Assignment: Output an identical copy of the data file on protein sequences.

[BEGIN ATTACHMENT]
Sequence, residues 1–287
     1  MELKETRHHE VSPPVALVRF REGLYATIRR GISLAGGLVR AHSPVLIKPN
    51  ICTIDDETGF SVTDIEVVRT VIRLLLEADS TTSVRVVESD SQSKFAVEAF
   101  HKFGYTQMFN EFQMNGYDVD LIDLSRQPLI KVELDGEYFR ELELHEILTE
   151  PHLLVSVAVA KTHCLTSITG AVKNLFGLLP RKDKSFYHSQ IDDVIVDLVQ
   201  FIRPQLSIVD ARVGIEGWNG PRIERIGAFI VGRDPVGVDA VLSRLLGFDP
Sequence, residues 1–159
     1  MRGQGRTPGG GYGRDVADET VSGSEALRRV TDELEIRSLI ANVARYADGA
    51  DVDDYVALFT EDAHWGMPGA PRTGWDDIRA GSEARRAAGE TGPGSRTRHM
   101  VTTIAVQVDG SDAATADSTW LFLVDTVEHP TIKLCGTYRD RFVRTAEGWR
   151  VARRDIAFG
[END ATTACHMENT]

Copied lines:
Sequence, residues 1–287
     1  MELKETRHHE VSPPVALVRF REGLYATIRR GISLAGGLVR AHSPVLIKPN
    51  ICTIDDETGF SVTDIEVVRT VIRLLLEADS TTSVRVVESD SQSKFAVEAF
   101  HKFGYTQMFN EFQMNGYDVD LIDLSRQPLI KVELDGEYFR ELELHEILTE
   151  PHLLVSVAVA KTHCLTSITG AVKNLFGLLP RKDKSFYHSQ IDDVIVDLVQ
   201  FIRPQLSIVD ARVGIEGWNG PRIERIGAFI VGRDPVGVDA VLSRLLGFDP
Sequence, residues 1–159
     1  MRGQGRTPGG GYGRDVADET VSGSEALRRV TDELEIRSLI ANVARYADGA
    51  DVDDYVALFT EDAHWGMPGA PRTGWDDIRA GSEARRAAGE TGPGSRTRHM
   101  VTTIAVQVDG SDAATADSTW LFLVDTVEHP TIKLCGTYRD RFVRTAEGWR
   151  VARRDIAFG